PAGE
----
BEAUTIFULLY RESTORED PACKARD 'VERT, 282 STRAIGHT 8, MANUAL, PRICED TO MOVE FAST!
You're likely looking at this 1939 Packard 120 convertible coupe because you already know what it is. And if that's the case, you also know that it's a bargain. Arguably the best-driving Packard of the late 1930s, the 120 was hardly a "bargain" Packard, because it's got all the big car charm and looks, and for the moment, it's the most affordable way to get an eight-cylinder Packard convertible of any kind.
Wearing proper Packard Cream paint, this handsome coupe gets just about everything right. Paint and bodywork are beautifully restored, which, again, makes the price seem almost comically low. It's not a "fixer-upper" it's ready to enjoy and while it's not perfect, it's awfully danged nice. The tall, narrow Packard grille is a trademark, as are the body side moldings with a small arrow on the leading edge, all highlighted by red pinstripes to make it look sporty. Sidemounts are a rather rare option on the 120 and give it a presence that rivals its larger siblings. In fact, the biggest problem with the 120 back when it was new is that it was simply too good and buyers figured why should they step up to a large-series car when this one was already excellent in every way? It shows in the detailing around the running boards, the hood vents, and the "donut pusher" hood ornament, which was very similar to the larger cars. The chrome details are just as impressive, with shiny bumpers, nice stainless details, and cleanly installed turn signals discreetly fitted to the bumpers. If you want a Packard to drive first and foremost, a 120 is what you should be seeking.
The black interior is a great contrast to the cream bodywork and uses period-correct vertical pleats on the wide bench seat. It seems roomy inside because Packard moved the shifter to the steering column, and with the disappearance of rumble seats a year earlier, there are two jump seats in back that fold out of the way for massive storage space. The steering wheel is nicely restored and perhaps showing some age, but the rest of the beautifully woodgrained dash and instruments are quite nice. This car includes optional dealer-installed heater and an in-dash radio, which was cutting edge tech at the time but sadly not functional today, which is hardly surprising. The lack of a rumble seat means there's a huge trunk, which carries a matching spare so you don't have to wrestle with the sidemount covers and risk damage if worse comes to worst. There's also a very nicely fitted black canvas top with a matching vinyl boot to give it a beautiful look, top up or down.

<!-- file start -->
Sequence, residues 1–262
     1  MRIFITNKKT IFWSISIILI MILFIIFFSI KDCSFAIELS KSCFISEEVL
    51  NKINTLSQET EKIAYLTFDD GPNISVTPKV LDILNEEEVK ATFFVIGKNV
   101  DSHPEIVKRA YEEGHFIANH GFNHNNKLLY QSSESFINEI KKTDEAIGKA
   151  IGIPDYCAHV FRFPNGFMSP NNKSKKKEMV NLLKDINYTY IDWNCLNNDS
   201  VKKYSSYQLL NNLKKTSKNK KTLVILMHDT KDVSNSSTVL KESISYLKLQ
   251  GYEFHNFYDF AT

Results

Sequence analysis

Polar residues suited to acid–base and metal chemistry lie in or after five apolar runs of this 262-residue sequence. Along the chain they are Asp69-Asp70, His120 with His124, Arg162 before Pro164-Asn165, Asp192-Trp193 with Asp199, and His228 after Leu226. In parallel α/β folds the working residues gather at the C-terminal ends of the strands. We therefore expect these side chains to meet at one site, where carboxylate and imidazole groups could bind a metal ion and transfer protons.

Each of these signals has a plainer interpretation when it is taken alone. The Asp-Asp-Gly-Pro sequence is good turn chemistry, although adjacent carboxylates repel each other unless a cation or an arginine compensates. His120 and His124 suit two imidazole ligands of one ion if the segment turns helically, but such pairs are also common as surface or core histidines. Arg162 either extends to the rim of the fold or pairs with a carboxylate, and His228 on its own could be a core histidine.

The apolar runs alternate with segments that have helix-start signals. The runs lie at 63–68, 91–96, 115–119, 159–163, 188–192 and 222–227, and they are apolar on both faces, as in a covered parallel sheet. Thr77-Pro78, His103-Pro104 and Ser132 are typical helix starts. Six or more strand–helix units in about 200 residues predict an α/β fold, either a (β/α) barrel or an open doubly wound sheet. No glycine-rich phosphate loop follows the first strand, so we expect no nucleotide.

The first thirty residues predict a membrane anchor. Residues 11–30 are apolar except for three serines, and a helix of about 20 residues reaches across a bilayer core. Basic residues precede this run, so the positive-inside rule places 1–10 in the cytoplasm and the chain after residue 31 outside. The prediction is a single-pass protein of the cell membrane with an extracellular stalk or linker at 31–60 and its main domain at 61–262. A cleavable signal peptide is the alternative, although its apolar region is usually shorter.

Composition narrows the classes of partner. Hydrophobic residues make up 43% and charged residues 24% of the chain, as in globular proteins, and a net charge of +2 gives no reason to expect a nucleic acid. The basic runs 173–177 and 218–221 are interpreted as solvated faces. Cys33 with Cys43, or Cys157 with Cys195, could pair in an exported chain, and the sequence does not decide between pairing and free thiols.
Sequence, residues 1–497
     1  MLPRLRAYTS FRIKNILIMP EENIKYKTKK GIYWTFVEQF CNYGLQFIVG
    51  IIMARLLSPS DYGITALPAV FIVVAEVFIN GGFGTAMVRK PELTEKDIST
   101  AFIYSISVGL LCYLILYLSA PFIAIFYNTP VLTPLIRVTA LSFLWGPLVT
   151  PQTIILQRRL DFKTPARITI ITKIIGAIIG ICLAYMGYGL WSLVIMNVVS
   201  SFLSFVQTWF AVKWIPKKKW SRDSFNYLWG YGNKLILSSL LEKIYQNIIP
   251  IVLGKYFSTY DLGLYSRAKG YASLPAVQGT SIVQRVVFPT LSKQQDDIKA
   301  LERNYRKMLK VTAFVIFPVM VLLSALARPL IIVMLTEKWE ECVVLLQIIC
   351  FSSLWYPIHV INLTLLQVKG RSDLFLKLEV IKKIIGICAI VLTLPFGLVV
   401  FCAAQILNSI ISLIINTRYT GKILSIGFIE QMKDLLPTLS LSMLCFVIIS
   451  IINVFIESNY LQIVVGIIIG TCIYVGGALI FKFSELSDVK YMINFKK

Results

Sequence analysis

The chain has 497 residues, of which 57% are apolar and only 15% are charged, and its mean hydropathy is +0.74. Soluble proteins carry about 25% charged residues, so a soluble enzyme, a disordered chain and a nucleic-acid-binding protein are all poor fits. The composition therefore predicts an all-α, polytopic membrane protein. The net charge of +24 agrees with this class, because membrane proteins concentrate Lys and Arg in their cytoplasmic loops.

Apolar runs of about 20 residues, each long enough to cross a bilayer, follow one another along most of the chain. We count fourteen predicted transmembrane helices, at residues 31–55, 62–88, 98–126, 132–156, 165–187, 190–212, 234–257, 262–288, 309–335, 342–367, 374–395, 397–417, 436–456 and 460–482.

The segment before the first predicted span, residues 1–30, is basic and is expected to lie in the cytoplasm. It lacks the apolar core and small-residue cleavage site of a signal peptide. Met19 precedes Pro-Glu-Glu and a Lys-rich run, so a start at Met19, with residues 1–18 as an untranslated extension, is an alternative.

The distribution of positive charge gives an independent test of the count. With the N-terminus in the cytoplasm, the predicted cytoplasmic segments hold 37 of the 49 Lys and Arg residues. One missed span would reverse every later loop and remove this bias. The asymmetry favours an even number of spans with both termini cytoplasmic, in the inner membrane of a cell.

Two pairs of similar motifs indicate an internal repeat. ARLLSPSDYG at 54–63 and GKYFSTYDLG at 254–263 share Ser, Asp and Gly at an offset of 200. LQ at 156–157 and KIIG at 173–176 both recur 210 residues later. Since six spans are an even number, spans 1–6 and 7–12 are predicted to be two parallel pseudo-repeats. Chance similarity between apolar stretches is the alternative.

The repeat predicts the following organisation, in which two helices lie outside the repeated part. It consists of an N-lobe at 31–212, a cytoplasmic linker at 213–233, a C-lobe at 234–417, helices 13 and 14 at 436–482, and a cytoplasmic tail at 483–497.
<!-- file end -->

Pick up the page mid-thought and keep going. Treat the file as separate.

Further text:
The 120 uses a 282 cubic inch straight-8, which makes, naturally, 120 horsepower. It's as smooth and torquey as you'd expect and moves the trim convertible with genuine enthusiasm. It's detailed with proper Packard olive green paint and we see no deviations from the original spec under the hood. There's an oil bath air cleaner, fabric-wrapped coolant hoses, and a single downdraft carburetor that offers great throttle response. The three-speed manual transmission shifts easily thanks to synchromesh on 2nd and 3rd gears and it's pretty happy at 55 MPH. The 120's innovative Safe-T-Flex independent front suspension was now standard across the line, but it was still a great handling car with a lot of confidence on the road. The brakes were similarly powerful and reliable for the period. Handsome steel wheels with more red pinstripes, trim rings, and Packard hubcaps are wrapped in 7.00-16 whitewall tires for the perfect period look.
If you know Packards, you know this is a special car. It's fully sorted and ready to enjoy, and if you haven't experienced the joy of a 120, this is probably your last chance to get a drop-top at anything approaching a reasonable price. Call now!
- Vinyl Interior
- Owner's Manual
You May Also Be Interested In...
Why Consign with
Because we make it easy for you to get more money in your pocket. Here are even more reasons to choose us…Learn More